Think Christian recently posted this: Think Christian Â» Blog Archive Â» Hidden messages sent by the American church Which is a link to a series of articles posted by Cerulean Sanctum. It is a very interesting read.
While I may not totally agree with what Dan Edelen has to stay, it does bring up the important point of how we must look at ourselves through a biblical filter. Does what we are doing in church fit the biblical model or does it just make us happy as humans?
The most interesting piece of the series was Kneeling at the Altar of Excellence. This is something I see in my church. I started attending my church about 9 months after it was planted 8 years ago. For me the appeal of the church was how real it was. It had a band that played contemporary music, and a pastor who is close to my age. The first time my wife and I attended, the entire staff (Pastor, Associate Pastor and Music Director) had introduced themselves. The next time we attended, all three of them remembered us by name. This was not the only thing that made me comfortable there. My church was and still is meeting in a temporary facility. This means the church has to be set up and torn down every week. It also means there is more room for odd things to happen. I find that the occasional screech of a feedback loop in the sound system or the words to the songs being projected were not always right on had more of an endearing affect on me. When the pastor tells corny jokes or can’t remember the names of popular people or even says “Um” every once in a while, I know I am in the right place. These people are not perfect, and I have a chance to fit in.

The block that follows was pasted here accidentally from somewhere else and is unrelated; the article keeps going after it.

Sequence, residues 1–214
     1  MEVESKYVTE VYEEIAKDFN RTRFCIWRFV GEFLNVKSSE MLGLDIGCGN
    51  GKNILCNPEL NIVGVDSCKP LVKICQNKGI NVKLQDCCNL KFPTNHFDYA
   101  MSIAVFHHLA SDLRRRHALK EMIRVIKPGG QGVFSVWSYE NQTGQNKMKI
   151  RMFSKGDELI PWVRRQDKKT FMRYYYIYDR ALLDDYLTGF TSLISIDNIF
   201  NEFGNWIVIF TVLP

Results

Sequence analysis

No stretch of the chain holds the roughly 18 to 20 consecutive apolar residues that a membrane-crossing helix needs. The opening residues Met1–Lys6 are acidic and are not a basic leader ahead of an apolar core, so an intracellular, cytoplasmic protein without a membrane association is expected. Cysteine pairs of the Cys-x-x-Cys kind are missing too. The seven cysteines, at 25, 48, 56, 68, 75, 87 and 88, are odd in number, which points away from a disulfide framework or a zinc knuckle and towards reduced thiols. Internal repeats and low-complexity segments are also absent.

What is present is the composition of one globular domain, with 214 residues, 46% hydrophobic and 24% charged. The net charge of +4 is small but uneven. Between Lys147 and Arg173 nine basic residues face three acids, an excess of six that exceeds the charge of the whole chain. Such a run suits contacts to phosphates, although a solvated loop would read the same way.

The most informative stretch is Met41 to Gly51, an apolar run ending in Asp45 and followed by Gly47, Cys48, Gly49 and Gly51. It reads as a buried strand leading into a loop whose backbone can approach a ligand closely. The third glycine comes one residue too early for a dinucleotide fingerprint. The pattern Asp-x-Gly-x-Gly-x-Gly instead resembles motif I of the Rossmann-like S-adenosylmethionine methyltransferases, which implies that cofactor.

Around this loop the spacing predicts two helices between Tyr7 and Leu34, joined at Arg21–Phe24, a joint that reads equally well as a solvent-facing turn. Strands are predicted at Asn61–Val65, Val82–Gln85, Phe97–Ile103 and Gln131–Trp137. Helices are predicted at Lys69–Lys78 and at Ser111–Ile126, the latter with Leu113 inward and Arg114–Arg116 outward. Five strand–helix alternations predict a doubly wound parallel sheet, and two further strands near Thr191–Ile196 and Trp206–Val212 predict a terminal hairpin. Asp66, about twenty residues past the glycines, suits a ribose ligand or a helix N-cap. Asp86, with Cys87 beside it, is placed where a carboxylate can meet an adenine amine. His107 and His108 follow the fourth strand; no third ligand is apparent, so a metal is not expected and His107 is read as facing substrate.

Recently there has been a big push for the “excellence” thing. I can’t think of anything that makes me want to run away from the church faster. I see nothing wrong with “doing our best”, but I have a huge problem with pushing away willing volunteers because they “lack talent.” I do my best to shield the other volunteers in my ministry from this. My ministry is the Video Technologies, we put the words of the songs on the screen, run PowerPoint for the pastors message notes and play video clips. And guess what, sometimes thing go wrong. I used to worry about it until I attended a Promise Keepers event and saw them be off on the words to a song. That is were I learned that perfection isn’t all it was cracked up to be.
I think this was a key point:
The inroads that business practices made into our churches through the Church Growth Movement have enshrined success as the be all and end all. The only problem is that now there is no room for true grace for the fallen. Just as a company can’t go to shareholders and confess they had a bad quarter without paying the penalty, so our churches are becoming places where failure isn’t tolerated for very long.